Buy-in from the staff can make all the difference in avoiding problems. “Make sure your people are involved. Make sure they understand why they’re doing what they’re doing. The biggest pitfalls come when the project is not thought out,” said Schnitger. “And measure success so you get the incremental wins.”
Some companies have learned tricks to ensure the transformation goes smoothly. “One way to avoid the pitfalls is to pair up experienced engineers with junior engineers. The experienced engineer knows why it works but they’re set in their ways,” said Boucher. “The young engineers are not as experienced, but they know the technology. The experienced engineer and the young engineer can benefit from each other.”
The process of bringing in new technology is disruptive all by itself. “Technology breaks the rules of older processes,” said Behrens. “You don’t find that until you begin to change. The people who can help through that are the technology providers.”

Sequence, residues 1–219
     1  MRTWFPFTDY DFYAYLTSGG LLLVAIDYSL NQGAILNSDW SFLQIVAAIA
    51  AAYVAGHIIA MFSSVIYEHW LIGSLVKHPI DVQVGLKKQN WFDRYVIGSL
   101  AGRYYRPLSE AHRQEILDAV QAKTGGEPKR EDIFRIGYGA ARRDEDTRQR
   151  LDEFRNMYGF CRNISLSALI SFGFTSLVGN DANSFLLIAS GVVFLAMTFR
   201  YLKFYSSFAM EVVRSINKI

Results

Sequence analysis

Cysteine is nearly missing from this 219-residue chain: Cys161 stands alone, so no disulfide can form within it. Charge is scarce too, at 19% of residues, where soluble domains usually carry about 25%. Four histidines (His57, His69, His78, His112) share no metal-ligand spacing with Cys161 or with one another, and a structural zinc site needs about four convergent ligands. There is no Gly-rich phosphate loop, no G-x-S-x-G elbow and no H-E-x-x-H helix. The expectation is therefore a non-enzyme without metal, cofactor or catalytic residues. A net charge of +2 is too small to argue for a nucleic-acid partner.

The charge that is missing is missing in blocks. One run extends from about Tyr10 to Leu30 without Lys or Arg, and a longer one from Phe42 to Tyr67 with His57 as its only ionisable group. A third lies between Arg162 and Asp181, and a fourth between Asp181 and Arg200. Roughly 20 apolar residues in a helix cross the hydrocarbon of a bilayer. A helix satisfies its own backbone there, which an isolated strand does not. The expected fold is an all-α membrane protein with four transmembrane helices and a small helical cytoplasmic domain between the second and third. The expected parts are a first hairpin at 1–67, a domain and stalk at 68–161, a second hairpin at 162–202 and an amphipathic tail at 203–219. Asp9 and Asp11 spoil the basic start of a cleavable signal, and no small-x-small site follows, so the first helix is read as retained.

One of the greatest pitfalls comes when the people involved are not convinced the transformation is the right path. “If you don’t have the buy-in, the whole thing can fail because people will find workarounds,” said Schnitger. “You have to make sure they don’t circumvent the transformation.”
Most of all, it may not be a good idea to use a big concept that indicates every single thing about the organization will change – even if it needs to. “Don’t call it digital transformation,” said Jackson. “Explain that you’re going to reduce inventory. Make it goal-oriented.”